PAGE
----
Few things are more appetizing than a shiny apple, or a beautiful strawberry. But what if a piece of fruit has a small blemish or is a funny shape?
These so-called “ugly fruits” might not make anyone’s Instagram page, but they still can be every bit as wholesome and delicious. So, rather than going to waste, these not-quite-perfect apples, strawberries and other fruits are used in the fruit filling of several Kellogg’s foods, including Nutri-Grain bars and Pop-Tarts.
“Using imperfect fruit is just one of the ways Kellogg reduces food waste as we improve the sustainability of our foods,” said Mary Tate, senior manager of Responsible Sourcing for Kellogg Company. “We are committed to reducing waste across the life of our products, from the field to the consumer’s pantry.”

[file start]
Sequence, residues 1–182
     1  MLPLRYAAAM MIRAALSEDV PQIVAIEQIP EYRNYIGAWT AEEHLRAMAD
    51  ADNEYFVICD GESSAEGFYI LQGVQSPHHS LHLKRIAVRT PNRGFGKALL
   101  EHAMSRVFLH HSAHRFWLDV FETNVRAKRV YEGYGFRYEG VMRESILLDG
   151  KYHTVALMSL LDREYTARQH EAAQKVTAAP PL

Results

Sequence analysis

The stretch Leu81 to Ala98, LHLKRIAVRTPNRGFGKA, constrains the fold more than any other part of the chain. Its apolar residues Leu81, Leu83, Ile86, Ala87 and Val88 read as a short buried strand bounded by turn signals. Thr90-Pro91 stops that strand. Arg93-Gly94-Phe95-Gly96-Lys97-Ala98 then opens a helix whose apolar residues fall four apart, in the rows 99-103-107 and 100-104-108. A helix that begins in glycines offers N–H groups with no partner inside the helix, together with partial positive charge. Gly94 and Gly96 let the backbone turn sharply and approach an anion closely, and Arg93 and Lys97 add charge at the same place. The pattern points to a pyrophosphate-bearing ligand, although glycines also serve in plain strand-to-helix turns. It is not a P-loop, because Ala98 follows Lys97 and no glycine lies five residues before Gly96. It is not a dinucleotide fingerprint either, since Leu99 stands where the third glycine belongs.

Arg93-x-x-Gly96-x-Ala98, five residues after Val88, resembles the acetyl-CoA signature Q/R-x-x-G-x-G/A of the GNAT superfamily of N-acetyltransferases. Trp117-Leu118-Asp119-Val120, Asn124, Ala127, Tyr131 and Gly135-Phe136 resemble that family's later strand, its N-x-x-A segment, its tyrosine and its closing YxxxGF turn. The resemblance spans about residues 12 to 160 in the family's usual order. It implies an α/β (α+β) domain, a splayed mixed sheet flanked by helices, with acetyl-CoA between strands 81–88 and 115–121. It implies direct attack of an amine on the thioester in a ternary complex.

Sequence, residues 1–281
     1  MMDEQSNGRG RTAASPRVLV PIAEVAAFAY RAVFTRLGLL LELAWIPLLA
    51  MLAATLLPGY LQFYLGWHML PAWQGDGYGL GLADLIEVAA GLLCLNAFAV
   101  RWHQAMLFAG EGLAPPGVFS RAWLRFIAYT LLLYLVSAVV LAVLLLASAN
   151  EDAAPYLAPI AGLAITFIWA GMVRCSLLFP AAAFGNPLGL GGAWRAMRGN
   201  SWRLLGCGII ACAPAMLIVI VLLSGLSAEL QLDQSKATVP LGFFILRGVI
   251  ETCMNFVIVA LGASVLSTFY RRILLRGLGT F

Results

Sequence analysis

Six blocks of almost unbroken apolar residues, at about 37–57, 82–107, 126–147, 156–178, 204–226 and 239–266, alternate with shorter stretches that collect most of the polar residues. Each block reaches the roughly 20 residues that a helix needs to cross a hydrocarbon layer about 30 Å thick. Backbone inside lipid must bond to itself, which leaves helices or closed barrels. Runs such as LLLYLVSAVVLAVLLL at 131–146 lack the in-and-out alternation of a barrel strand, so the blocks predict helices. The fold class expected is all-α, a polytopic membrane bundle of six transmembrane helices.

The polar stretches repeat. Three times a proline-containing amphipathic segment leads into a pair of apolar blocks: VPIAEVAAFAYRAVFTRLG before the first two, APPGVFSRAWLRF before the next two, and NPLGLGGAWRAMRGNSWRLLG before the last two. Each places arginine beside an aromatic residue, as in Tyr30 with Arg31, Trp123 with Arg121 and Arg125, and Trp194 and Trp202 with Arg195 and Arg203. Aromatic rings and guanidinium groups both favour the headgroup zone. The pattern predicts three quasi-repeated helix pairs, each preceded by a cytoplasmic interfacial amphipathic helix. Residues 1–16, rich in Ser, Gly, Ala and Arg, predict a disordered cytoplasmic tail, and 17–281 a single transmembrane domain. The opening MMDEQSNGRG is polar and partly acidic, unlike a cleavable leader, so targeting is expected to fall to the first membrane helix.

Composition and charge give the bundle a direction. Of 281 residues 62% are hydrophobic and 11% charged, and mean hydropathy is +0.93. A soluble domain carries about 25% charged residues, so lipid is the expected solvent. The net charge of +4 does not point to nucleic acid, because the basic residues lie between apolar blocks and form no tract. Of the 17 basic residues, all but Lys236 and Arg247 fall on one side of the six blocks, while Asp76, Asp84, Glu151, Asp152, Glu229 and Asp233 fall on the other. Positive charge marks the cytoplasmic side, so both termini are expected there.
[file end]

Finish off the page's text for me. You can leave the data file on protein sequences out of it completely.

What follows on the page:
According to the World Food Programme, the world produces enough food for everyone, yet almost 800 million people go hungry. And the Food Aid Foundation estimates that one-third of all food is wasted. Reducing food waste – and more efficiently feeding people with the food we already produce – will play a big part in fighting world hunger.
Kellogg Company joined other organizations around the world to support United Nation’s Sustainable Development Goal 12.3. In support of this commitment, by 2030, we are doing our part to cut per capita global food waste in half at the retail and consumer level, and to reduce food losses along the entire food production system.
“Everyone wins when we reduce food waste,” said Tate. “More people get fed, we use less natural resources, and famers, companies and households all save money.”
Specific steps that Kellogg is taking to reduce food waste include: